Pausing to reflect on the effects of 9/11 - Catholic Courier

Pausing to reflect on the effects of 9/11

Like most Americans who experienced 9/11, I can remember the events as if they just happened.

As I was leaving the rectory that day, our housekeeper motioned me to the television set. As the first of the twin towers exploded, I thought of my days as a fireman and wondered how the people on the top floors would survive.

And then the second tower got hit, and shortly later when the Pentagon was hit, I realized that the United States itself was under attack.

Across the street, the Hart Senate Building and other senate buildings were evacuating. Not all of the people rushed off of Capitol Hill. Many came to our 12:10 p.m. Mass.

After Mass, the Hill went dead silent. The police, who were a second community to me, and who more often than not acted as tour guides, went into body armor and carried high-powered rifles. I cried, seeing them so out of character.

As night came, so did eeriness like none I had ever experienced. The streets to the U.S. Capitol were blocked with whatever vehicles were available: garbage trucks, buses and police cars. Flaming-red flares giving off the odor of sulfur dotted all of the main intersections.

As I walked around the Supreme Court next to the Capitol, police officers with whom I loved to chat were deadly silent, not wanting to talk with anyone. Some of their expressions reflected disgust, disbelief and sorrow, while others were just blank.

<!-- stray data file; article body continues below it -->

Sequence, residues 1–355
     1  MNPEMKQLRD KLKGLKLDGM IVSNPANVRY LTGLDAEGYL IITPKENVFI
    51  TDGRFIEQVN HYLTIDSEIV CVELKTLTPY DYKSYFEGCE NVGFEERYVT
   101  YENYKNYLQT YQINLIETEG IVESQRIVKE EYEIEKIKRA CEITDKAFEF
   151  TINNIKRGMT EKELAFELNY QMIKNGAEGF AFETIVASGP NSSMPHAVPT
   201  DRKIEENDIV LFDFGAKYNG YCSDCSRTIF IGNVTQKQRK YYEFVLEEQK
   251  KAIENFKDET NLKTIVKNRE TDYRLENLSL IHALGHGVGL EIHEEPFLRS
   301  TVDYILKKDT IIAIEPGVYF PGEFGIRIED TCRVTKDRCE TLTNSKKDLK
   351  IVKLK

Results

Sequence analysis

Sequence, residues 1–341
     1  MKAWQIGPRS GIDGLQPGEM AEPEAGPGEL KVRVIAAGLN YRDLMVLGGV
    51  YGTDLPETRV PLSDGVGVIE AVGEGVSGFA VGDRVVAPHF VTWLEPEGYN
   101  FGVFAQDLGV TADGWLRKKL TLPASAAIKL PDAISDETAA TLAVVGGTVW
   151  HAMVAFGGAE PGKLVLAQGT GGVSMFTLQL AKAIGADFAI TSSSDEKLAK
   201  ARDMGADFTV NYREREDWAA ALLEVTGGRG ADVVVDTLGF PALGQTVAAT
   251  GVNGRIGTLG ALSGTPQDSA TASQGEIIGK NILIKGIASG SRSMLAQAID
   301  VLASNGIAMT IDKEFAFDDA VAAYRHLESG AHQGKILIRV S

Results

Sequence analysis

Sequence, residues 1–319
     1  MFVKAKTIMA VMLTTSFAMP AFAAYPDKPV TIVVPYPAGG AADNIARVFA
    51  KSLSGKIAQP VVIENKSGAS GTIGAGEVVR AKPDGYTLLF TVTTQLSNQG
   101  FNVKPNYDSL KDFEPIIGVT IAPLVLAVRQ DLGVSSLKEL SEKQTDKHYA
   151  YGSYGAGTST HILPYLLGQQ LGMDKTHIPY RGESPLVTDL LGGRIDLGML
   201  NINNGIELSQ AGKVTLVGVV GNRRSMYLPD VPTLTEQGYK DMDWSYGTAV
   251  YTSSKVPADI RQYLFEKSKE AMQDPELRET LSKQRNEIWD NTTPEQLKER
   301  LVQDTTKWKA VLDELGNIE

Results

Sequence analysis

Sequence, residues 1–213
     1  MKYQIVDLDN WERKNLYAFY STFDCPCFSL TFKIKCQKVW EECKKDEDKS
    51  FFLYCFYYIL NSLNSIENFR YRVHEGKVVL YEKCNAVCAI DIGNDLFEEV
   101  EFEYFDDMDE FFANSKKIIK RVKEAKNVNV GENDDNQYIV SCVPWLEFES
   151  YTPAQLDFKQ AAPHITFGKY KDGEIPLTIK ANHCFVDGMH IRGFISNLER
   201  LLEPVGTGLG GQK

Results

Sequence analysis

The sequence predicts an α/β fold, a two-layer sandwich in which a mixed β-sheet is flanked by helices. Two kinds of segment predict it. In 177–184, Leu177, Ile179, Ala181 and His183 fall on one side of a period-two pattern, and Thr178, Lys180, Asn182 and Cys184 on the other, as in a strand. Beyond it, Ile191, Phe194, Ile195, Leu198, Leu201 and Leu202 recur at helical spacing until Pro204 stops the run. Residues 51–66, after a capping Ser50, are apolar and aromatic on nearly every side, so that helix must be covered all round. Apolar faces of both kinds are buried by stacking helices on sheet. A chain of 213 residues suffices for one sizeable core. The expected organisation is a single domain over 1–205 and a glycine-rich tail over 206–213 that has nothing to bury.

It was at that moment that I looked up at the U.S. Capitol and saw the light lit in its dome. It was signaling that Congress was in session.

Seeing it, I thought to myself, "They missed the most important symbol of the American spirit, Liberty atop the Capitol!"

And then there was a glimmer of joy in knowing that we had not been stopped and were regrouping.

Our spirit had been rocked but not broken!

Because of 9/11, many innocent American lives were lost, and, after it, countless others innocent and not so innocent around the world have been lost.

At this moment, the spirit of terrorism triggered by 9/11 has spawned a new wave of revenge, retaliation, reverse terrorism, heartlessness, profiling and hyper protectionism.

On this 10-year anniversary, we would do well to examine these depressing spirits in the light of our American spirit that was founded on Judeo-Christian ideals.

In 2001, we regrouped and sustained a strong spirit in the midst of a horrific catastrophe. And today, there still exists a need to once again regroup and strengthen our spirit against those things that can tarnish, darken and make it fearsome.

Father Hemrick is a columnist for Catholic News Service.

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